Immersion Clothing 2014

This work consists of a series of four garments; each made to facilitate a different type of interaction with the outdoors. The specific design of each garment focuses the wearer on an action that is a purposeful immersive act, acting as a marked contrast to the usual purpose of outdoor clothing that shields and protects and, by extension, isolates the wearer.

Silhouette allows the wearer to shift their shape from that of a human to something more akin to an erratic boulder, from where the wearers centres and stills themselves, to watch and examine other species around them. Rain, lets the wearer experience rain directly and luxuriously on their head and face, rather than sheltered beneath hoods and umbrellas. Recumbent encourages the wearer to go out and seek a place to lie down where tree canopies and skies can be observed, when no longer on their feet, the surrounding acoustics seem to increase in volume. The Gatherer jacket incorporates a sequence of bespoke pockets and files to collate field findings.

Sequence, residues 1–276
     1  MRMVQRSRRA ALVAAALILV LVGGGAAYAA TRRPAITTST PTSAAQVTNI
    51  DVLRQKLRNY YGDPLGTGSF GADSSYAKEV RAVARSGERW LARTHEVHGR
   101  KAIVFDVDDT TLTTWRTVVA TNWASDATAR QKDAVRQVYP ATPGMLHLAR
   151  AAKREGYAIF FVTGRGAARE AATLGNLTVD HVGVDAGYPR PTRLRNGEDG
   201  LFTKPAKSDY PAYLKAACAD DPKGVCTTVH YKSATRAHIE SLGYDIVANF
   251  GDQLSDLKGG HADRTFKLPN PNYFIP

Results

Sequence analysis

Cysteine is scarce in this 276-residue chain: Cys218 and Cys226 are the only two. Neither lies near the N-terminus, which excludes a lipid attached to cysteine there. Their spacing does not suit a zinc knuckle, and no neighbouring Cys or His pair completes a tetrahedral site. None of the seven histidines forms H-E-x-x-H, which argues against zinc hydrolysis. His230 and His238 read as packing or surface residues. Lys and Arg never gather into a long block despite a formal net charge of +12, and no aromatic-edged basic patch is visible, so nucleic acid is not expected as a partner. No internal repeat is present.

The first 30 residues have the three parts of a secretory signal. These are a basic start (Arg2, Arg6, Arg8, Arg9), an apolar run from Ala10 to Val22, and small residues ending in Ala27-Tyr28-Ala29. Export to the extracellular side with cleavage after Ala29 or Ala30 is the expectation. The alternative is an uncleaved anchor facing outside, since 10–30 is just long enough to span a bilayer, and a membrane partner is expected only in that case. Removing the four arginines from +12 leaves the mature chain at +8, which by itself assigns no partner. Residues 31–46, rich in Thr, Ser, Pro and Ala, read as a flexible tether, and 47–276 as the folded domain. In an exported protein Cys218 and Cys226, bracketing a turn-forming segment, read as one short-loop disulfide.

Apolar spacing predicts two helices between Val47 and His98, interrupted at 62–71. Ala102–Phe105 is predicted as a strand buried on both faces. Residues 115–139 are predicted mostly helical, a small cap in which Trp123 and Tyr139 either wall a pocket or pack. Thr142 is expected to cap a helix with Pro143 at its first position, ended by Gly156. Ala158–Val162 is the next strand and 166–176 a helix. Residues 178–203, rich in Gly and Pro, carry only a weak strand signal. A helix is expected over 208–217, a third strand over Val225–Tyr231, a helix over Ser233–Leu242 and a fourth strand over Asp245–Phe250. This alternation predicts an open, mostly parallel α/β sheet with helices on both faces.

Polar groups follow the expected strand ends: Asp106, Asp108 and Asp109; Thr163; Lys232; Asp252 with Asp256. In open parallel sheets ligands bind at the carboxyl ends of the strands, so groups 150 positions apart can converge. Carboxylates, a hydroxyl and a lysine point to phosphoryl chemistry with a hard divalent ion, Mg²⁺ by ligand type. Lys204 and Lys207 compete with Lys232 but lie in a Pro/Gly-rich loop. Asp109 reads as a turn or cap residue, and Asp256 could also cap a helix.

All four garments have been designed and made in Harris Tweed, a Hebridean fabric that might at first appear traditional, even conservative, but by necessity must be woven on a hand loom in the weavers own home to earn its name, its self-regulating production makes this a powerfully political cloth.

Tailoring and construction of the Immersion Garments was in collaboration with Min Scotland.

First shown at Dovecot Studios, Edinburgh as part of Generation, 25 Years of Scottish Art.